The Supreme Court rightly reinstated limits on executive agencies

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In the final weeks of the 2022 term of the United States Supreme Court, the justices have delivered some truly historic rulings. In doing so, the Court has done much to re-establish itself as an equal branch of government designed to uphold constitutionally guaranteed individual rights against unlawful governmental restraints, while upholding the constitutionally enshrined separation of powers between the three branches of the federal government and between the federal government and the states.

Cases decided by the Court included the president’s power to set immigration policy, state and local governments’ discrimination against expressions of religious faith, limits on gun rights, and the federal guarantee of access to abortion, among many other issues on which the Court has ruled.

As important as the decisions in this wide range of cases are, West Virginia v. EPA is arguably the largest and most ambitious from an economic point of view, and with respect to the separation and delegation of powers of the Constitution.

Ruling 6–3, written by Chief Justice John Roberts, states that the U.S. Environmental Protection Agency’s (EPA) attempt to use an arcane provision of the Clean Air Act to usurp the authority of long standing of states to manage their electric grids is unconstitutional. gathering. In its 2015 Clean Energy Plan, the EPA tried to force states to shut down coal-fired power plants, limit the use of natural gas, and expand wind and solar generation to “decarbonize” supply. American electric.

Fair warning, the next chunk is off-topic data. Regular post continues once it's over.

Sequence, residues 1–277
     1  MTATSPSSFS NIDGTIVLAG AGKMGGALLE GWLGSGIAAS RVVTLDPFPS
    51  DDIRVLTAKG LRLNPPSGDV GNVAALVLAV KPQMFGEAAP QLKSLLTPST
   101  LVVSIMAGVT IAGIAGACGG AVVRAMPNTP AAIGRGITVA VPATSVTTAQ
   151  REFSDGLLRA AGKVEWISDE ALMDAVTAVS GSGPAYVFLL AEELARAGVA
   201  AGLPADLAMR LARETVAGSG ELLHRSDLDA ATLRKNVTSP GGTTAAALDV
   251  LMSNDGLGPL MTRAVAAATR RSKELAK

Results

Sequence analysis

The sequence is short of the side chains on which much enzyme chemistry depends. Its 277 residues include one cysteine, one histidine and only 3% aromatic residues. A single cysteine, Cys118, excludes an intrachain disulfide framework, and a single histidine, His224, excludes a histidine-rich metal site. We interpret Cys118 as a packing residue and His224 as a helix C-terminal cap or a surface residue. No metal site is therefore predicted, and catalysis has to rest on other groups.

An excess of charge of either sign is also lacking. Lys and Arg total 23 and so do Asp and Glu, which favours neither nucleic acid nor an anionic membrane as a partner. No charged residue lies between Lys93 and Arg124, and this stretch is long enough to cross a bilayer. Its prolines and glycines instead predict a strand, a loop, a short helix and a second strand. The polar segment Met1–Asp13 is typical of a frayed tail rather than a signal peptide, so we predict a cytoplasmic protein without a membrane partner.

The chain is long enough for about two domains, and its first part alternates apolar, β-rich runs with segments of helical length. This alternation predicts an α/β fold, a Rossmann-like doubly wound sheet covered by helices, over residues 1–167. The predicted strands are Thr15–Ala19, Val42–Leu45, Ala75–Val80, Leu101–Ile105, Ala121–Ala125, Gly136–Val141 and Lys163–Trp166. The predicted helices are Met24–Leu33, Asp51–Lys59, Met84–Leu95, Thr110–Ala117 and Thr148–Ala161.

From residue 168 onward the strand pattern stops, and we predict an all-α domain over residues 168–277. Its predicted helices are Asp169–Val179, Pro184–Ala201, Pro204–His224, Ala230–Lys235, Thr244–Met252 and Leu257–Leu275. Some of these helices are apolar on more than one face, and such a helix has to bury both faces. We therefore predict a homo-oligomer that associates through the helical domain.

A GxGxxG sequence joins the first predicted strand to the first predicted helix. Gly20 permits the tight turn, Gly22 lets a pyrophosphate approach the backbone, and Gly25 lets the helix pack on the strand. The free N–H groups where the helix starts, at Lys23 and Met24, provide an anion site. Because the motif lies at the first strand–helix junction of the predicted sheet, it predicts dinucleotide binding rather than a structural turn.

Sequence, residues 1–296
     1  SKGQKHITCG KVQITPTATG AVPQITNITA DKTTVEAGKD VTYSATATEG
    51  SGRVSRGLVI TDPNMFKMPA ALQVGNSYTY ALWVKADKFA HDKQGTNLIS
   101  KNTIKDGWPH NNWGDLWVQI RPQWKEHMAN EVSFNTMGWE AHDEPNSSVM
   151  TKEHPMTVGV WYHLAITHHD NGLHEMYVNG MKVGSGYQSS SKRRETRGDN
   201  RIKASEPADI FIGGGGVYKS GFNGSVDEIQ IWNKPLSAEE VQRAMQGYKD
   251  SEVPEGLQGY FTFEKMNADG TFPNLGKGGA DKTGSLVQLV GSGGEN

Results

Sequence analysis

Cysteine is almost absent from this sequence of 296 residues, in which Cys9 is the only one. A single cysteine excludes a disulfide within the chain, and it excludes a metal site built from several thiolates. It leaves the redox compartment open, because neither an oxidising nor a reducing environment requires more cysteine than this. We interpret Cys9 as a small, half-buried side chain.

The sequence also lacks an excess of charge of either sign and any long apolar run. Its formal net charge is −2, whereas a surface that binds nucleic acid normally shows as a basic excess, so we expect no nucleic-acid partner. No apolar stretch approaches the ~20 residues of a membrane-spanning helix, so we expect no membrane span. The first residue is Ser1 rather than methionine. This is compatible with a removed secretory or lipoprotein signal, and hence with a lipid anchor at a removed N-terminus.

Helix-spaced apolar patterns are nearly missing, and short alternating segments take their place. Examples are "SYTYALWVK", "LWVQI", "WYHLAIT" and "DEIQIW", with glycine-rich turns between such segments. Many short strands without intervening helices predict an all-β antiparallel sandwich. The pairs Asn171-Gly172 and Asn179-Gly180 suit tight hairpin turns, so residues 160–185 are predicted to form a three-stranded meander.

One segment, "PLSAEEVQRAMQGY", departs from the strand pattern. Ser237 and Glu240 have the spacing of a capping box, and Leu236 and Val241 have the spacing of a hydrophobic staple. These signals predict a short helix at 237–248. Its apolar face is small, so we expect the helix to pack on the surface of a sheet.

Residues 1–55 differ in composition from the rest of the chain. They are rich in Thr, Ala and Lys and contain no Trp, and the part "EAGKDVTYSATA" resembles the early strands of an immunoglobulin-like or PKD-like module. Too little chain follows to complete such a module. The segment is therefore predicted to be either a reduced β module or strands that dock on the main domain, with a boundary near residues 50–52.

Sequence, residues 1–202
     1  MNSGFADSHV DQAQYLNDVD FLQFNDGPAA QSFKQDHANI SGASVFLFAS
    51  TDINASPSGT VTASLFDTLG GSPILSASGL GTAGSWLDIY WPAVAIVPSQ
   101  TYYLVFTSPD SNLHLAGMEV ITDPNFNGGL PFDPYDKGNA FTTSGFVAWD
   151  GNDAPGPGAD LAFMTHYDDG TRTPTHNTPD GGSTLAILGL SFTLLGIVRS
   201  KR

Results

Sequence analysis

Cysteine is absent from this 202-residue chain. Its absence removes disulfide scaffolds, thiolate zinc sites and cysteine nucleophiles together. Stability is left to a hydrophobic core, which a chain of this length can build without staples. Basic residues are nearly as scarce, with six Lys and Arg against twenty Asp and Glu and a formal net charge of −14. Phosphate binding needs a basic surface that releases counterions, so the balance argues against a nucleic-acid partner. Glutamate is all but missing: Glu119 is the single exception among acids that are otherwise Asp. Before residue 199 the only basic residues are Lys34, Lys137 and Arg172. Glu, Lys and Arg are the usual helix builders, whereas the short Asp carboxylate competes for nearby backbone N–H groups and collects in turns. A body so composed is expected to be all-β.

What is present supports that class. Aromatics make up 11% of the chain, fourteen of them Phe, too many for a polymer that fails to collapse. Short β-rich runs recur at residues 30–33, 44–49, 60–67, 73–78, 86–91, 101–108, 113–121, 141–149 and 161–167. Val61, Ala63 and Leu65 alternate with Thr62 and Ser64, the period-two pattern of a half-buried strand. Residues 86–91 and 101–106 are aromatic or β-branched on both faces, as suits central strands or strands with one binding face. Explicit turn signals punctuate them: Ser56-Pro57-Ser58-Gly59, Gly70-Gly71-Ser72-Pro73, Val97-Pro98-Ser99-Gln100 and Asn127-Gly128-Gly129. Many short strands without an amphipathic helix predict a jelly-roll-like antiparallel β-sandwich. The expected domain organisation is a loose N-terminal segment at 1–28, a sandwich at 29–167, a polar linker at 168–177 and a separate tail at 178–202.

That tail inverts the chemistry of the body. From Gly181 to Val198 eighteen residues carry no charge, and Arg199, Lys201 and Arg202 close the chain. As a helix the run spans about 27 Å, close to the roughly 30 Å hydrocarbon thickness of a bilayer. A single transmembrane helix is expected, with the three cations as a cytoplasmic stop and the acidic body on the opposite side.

The majority of the court found that Congress never gave the EPA the sweeping authority needed to prohibit the use of fossil fuels for electricity to limit carbon dioxide emissions.

The Constitution delegates to Congress alone the power to regulate interstate commerce. Unelected bureaucrats cannot usurp that power by addressing major issues, that is, politically and economically significant policies, without clear direction from Congress. Carbon dioxide is everywhere, and severely limiting it by restructuring the national power grid is a major undertaking that would impose billions of dollars in costs, affect millions of jobs, and disrupt every sector of the economy. Overhauling the national electric grid, as the EPA has attempted to do, is a major political undertaking that Congress has not delegated to the EPA.

“Capping carbon dioxide emissions at a level that will force a national transition away from using coal to generate electricity can be a ‘sense solution to the crisis of the day,'” the chief justice wrote. John Roberts (pdf). “But it is implausible that Congress would have given the EPA the authority to adopt such a regulatory scheme on its own initiative…. A decision of such magnitude and consequence rests with Congress itself, or to an agency acting under clear delegation from that representative body.

Not only did the majority of the Court find that Congress never explicitly granted the EPA the kind of power it claimed, but Congress also repeatedly took up proposals to limit carbon dioxide emissions. carbon and had chosen not to enact them, Roberts noted.